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Bud Shank Featuring Chet Baker • Michelle

German Paintings of the Fifteenth through Seventeenth Centuries • NGA



This catalogue contains entries on fifteenth- and sixteenth- (and one seventeenth-) century German (and Austrian) paintings in the National Gallery of Art, Washington DC, both German and Austrian. Entries are arranged alphabetically by artist and there is a short biography and bibliography for each artist. Individual entries follow the model established by earlier systematic catalogues and full scholarly and technical information is provided for each painting. Questions of attribution, iconography, and social and religious function and context are discussed and, where relevant, comparative examples, reconstructions of altarpieces, x-radiography and infra-red reflectogram assemblies are included. The catalogue also contains the results of dendrochronological examinations of the paintings.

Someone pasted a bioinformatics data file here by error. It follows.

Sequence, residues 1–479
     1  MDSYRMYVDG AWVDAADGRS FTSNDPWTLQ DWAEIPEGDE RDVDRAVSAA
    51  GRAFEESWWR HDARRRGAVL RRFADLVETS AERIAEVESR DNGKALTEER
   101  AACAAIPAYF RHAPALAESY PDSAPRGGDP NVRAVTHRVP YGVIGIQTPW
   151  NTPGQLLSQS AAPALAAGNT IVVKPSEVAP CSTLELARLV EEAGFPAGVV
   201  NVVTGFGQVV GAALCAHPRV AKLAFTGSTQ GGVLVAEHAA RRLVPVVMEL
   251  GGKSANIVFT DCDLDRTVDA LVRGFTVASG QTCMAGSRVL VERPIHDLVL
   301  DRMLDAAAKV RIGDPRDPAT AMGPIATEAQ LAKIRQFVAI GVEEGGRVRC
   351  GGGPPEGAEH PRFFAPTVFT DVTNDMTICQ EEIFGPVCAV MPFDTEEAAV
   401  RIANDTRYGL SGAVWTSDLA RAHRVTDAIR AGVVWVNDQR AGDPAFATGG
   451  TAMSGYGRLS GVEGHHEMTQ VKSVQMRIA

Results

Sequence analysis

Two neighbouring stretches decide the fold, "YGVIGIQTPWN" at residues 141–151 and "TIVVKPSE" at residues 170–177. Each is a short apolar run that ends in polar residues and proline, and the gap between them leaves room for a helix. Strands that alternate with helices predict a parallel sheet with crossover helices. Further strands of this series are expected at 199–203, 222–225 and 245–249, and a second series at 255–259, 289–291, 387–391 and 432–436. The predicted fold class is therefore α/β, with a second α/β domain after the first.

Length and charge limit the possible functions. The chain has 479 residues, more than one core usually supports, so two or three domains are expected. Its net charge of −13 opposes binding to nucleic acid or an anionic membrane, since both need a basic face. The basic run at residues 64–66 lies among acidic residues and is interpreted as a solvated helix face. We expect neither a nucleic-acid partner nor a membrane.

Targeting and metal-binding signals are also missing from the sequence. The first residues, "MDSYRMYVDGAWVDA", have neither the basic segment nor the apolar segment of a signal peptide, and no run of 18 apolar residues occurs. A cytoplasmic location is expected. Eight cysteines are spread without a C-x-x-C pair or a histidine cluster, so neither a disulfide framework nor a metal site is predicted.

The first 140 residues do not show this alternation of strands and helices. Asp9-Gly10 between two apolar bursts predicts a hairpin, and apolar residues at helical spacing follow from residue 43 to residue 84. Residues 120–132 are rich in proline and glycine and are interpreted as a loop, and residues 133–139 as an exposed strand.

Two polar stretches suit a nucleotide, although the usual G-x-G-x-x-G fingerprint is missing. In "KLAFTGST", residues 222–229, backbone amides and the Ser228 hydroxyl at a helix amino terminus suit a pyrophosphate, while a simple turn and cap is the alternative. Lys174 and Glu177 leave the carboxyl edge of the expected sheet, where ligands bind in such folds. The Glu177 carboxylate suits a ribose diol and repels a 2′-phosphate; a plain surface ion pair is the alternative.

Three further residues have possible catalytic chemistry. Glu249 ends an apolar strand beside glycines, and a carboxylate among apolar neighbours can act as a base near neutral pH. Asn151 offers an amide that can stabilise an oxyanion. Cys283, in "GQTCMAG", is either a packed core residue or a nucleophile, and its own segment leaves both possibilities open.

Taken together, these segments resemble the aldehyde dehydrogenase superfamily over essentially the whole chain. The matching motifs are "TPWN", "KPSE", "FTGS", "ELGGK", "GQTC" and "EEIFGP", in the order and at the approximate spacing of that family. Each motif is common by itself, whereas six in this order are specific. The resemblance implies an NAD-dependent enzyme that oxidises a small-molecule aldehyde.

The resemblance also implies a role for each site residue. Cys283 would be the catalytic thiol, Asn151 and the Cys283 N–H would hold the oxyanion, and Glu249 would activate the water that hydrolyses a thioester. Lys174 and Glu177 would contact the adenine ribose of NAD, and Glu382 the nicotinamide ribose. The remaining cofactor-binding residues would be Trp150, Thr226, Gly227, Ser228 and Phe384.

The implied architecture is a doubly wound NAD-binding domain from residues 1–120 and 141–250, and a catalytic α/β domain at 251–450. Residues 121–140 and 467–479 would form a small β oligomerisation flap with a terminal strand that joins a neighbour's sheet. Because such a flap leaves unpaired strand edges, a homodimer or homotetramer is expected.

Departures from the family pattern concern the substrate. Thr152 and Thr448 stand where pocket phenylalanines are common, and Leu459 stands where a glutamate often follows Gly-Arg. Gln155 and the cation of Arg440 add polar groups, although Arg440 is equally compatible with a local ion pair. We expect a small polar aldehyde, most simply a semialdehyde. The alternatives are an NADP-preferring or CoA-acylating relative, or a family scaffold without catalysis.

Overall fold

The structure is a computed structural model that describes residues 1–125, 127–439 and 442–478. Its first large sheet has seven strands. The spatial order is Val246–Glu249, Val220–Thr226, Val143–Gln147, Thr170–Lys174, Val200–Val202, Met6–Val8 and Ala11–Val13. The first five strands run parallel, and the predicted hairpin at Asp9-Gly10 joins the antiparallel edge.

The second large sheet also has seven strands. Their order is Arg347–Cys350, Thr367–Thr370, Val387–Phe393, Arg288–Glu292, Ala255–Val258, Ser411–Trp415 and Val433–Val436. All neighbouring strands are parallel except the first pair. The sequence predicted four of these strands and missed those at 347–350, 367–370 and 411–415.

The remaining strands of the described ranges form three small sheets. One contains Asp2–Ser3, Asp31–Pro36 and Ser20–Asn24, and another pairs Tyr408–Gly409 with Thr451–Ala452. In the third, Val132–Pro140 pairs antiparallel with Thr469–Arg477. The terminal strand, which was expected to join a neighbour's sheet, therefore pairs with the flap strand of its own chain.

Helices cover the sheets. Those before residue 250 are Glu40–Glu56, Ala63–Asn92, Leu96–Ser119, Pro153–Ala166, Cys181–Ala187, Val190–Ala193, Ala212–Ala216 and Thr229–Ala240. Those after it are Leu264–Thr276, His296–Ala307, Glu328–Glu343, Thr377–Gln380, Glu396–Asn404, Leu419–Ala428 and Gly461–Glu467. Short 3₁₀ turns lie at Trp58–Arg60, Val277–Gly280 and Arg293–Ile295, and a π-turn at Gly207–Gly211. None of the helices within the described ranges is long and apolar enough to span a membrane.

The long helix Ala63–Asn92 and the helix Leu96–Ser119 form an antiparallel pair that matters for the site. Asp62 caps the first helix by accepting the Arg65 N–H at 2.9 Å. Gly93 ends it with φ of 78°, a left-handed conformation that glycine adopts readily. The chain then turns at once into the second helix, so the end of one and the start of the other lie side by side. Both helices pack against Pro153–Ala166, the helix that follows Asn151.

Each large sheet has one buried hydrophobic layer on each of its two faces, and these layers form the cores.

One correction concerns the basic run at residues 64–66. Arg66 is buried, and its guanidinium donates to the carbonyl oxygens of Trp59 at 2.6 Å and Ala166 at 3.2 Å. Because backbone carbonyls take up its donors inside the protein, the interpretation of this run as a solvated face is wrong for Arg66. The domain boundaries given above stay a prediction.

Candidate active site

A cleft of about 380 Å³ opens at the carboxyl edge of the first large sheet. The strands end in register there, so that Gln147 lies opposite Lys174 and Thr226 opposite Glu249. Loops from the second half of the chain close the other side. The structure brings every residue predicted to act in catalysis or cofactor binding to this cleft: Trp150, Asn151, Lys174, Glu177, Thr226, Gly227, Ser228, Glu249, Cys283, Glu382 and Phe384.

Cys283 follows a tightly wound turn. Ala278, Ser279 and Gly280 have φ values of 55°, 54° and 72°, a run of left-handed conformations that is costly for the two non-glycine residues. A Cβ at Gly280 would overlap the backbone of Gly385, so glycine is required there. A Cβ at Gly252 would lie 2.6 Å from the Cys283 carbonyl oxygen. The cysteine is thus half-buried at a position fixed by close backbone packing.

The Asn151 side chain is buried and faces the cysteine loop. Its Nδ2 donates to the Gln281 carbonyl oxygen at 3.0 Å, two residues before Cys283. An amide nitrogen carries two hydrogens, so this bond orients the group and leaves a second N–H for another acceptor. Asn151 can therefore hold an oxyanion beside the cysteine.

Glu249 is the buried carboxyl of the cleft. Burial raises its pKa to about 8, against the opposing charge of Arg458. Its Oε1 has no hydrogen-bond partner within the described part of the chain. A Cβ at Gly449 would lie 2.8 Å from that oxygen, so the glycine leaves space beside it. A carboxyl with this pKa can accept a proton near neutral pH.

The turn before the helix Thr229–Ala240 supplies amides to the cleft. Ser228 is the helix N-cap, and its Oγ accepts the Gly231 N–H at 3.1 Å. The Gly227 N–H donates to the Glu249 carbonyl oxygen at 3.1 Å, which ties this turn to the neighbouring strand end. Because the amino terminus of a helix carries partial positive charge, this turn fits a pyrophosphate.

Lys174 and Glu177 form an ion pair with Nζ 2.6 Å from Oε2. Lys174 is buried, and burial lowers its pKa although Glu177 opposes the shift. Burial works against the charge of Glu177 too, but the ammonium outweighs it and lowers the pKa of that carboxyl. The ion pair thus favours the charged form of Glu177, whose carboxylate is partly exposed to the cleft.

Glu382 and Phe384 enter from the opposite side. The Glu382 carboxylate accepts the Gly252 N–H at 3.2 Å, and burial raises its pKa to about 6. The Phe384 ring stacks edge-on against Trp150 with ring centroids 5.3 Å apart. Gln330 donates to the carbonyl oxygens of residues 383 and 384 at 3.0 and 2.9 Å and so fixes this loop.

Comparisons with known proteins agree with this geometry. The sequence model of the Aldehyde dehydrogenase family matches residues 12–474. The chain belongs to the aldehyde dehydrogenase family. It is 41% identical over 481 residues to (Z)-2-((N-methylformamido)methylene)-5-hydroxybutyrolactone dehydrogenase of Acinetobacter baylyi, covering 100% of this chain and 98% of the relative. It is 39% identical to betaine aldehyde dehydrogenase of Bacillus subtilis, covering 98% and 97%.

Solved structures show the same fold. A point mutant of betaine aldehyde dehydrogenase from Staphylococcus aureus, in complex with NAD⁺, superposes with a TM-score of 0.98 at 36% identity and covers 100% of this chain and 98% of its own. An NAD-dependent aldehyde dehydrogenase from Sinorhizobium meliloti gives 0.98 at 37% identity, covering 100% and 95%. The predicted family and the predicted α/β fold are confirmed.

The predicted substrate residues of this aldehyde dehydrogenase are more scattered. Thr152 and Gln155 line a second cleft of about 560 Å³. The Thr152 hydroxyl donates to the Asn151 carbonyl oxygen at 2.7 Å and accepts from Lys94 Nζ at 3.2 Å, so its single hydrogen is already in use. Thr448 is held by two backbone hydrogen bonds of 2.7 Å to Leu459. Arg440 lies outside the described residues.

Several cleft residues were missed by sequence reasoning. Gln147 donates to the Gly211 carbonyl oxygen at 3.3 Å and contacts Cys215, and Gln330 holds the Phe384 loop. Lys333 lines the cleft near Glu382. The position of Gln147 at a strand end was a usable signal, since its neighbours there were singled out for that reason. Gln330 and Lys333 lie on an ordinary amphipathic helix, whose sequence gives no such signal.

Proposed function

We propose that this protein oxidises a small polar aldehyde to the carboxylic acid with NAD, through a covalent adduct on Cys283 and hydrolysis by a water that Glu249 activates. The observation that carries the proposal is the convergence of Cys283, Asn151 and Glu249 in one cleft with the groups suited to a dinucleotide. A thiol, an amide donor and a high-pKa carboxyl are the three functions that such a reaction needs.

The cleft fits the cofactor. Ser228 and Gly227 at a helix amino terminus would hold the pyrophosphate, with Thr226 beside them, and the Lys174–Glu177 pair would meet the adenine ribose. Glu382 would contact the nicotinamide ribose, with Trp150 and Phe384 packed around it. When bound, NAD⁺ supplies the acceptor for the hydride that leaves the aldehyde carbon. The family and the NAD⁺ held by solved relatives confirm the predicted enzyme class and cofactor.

The History of Jazz • Ted Gioia



Jazz is the most colorful and varied art form in the world and it was born in one of the most colorful and varied cities, New Orleans. From the seed first planted by slave dances held in Congo Square and nurtured by early ensembles led by Buddy Belden and Joe "King" Oliver, jazz began its long winding odyssey across America and around the world, giving flower to a thousand different forms--swing, bebop, cool jazz, jazz-rock fusion--and a thousand great musicians. Now, in The History of Jazz, Ted Gioia tells the story of this music as it has never been told before, in a book that brilliantly portrays the legendary jazz players, the breakthrough styles, and the world in which it evolved.